The plants meet their nitrogen need by absorbing from the soil the
nitrates processed by the soil bacteria.
| BİTKİLERİN KULLANDIĞI
||In all organic molecules
||In most organic molecules
||In most organic molecules
||In proteins, nucleic acids, etc.
||İn nücleic acids, ATP, phospholipids, etc.
||Enzyme activation: water blance, ion
|| in proteinlerin coenzymes
||Affectts the cytosketeleton,membranes, and many
enzymes: second messenger
||In cholorophyli: required by many
enzymes: stabilizes ribosomes
||In active site of many redox enzymes and electron
carriers: needed for chlorophyli synthesis
||Photosynthesis: ion blance
||Activates many enzymes
||May be needed for carbohydrate transport (poorly
||Enzyme activation; auxin Synthesis
||In active site of many redox enzymes and electron
||Nitrogen fixation: nitrate reduction
This table shows the elements
plants need, where plants take these elements from, and how
they are used. Plants only take and use the 16 elements they
need from among all those present in the soil. These processes,
which even people who study them find hard to understand,
are carried out by plants, thanks to the inspiration of God.
Other elements, too, are necessary for healthy development.
But these are needed in quite small quantities. This group includes
iron, chlorine, copper, manganese, zinc, molybdenum, and boron.
In addition to these 13 minerals, plants also need the
three basic building blocks of oxygen, hydrogen, and carbon, and
get them from the carbon-dioxide, oxygen, and water in the atmosphere.
All plants need this total of 16 elements.
The most important factor contributing to the carbon and nitrogen
cycle in the environment, as outlined in the above picture,
is without doubt plant life. The nitrogen in the air cannot
be taken in directly by people and animals. When the nitrogen
is passed to the soil, the ammonia released is then oxidized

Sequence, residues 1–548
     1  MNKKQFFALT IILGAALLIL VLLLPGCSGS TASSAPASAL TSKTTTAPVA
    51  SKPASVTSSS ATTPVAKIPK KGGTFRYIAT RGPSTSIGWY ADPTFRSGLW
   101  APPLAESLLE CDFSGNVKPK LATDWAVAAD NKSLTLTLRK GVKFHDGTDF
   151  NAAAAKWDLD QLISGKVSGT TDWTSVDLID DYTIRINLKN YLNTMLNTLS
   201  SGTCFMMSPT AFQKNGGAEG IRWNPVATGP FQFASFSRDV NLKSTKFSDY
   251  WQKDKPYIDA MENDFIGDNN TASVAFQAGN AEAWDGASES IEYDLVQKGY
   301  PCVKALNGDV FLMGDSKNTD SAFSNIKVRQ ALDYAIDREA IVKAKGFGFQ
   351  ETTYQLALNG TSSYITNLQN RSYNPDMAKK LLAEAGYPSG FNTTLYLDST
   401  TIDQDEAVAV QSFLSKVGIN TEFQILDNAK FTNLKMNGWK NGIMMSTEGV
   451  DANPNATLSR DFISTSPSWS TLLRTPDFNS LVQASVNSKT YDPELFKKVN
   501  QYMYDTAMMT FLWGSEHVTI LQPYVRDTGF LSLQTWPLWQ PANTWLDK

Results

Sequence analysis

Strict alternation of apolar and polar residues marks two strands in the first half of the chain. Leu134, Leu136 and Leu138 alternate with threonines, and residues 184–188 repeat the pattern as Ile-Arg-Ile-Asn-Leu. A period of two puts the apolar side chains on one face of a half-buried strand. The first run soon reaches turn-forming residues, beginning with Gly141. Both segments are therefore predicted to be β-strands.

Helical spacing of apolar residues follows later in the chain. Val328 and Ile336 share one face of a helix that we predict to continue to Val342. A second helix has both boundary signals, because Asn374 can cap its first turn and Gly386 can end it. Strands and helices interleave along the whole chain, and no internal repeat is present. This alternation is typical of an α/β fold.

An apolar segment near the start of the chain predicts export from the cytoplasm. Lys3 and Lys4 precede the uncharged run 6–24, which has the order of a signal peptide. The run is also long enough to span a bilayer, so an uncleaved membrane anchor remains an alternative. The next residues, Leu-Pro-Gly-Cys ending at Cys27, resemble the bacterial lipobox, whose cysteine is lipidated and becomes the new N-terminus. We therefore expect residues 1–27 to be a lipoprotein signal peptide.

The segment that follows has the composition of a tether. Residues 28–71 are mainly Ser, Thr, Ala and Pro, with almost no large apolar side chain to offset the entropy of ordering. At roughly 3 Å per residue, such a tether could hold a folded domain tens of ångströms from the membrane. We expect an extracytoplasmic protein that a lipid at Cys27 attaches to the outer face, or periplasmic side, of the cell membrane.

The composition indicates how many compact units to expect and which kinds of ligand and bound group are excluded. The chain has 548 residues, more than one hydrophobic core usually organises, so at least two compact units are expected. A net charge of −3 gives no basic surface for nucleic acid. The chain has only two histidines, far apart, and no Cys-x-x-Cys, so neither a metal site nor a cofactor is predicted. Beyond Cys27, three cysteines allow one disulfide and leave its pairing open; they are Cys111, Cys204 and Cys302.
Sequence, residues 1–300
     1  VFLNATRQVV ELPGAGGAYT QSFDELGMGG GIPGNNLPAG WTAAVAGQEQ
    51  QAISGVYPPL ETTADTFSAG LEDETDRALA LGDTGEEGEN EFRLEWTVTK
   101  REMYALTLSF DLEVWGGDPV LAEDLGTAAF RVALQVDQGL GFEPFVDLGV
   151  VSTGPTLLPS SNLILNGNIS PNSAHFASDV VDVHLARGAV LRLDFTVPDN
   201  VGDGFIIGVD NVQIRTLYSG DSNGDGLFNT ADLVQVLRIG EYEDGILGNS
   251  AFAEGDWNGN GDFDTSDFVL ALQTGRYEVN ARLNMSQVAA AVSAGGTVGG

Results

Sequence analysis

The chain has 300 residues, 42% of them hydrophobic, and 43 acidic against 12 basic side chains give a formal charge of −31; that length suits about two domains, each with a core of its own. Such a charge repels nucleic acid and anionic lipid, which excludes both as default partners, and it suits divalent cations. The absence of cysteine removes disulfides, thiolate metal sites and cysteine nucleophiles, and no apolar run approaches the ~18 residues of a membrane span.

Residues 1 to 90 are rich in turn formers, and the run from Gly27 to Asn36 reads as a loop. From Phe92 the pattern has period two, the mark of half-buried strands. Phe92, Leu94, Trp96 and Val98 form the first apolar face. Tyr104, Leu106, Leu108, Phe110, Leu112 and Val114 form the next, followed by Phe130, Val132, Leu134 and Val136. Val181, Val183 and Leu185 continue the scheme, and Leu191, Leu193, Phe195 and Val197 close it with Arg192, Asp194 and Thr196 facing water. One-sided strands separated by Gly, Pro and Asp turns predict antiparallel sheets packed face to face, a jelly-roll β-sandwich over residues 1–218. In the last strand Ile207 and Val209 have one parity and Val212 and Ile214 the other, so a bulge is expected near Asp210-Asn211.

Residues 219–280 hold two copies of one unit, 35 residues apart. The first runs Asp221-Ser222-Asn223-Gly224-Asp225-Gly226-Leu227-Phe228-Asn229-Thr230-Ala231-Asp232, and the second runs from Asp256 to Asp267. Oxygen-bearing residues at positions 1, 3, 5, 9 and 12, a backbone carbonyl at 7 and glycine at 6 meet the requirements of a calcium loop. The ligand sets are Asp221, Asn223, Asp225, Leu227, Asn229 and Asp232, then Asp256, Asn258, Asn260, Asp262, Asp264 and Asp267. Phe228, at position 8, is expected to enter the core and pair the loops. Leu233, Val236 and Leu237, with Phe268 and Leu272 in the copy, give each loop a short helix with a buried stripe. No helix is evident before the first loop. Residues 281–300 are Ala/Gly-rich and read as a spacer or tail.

by soil bacteria to nitrates, and in this form it can be reabsorbed
by plant roots. People and animals then meet their nitrogen
needs by eating the plants.
If these elements are taken in in too great or too small
quantities, various deficiencies arise in the plant.
For example, too much nitrogen from the soil leads to
brittle growth especially under high temperatures and succulent
growth, while too little can lead to yellowing, red and purple patches,
reduced lateral bud, and older growth. Phosphorus deficiency causes
reduced growth, browning or purpling in foliage in some plants,
thin stems, reduced lateral bud breaks, loss of lower leaves and
reduced flowering. Phosphorus is a very important element for the
growth of young plants and seed production. In short, the existence
of these ions and their being taken in from the soil in the required
quantities are essential for healthy plant growth.33
What would happen if plants did not possess this ion-selection
mechanism? What would happen if plants took in all kinds of minerals,
not just the ones they need, or took in too many or too few minerals?
There is no doubt that in that event there would be serious disruptions
to the perfect balance in the world.
Milani, Bradshaw, Biological Science, A molecular Approach, D.C.Heath
and Company, Toronto, p.430
Malcolm Wilkins, Plantwatching, New York, Facts on File Publications,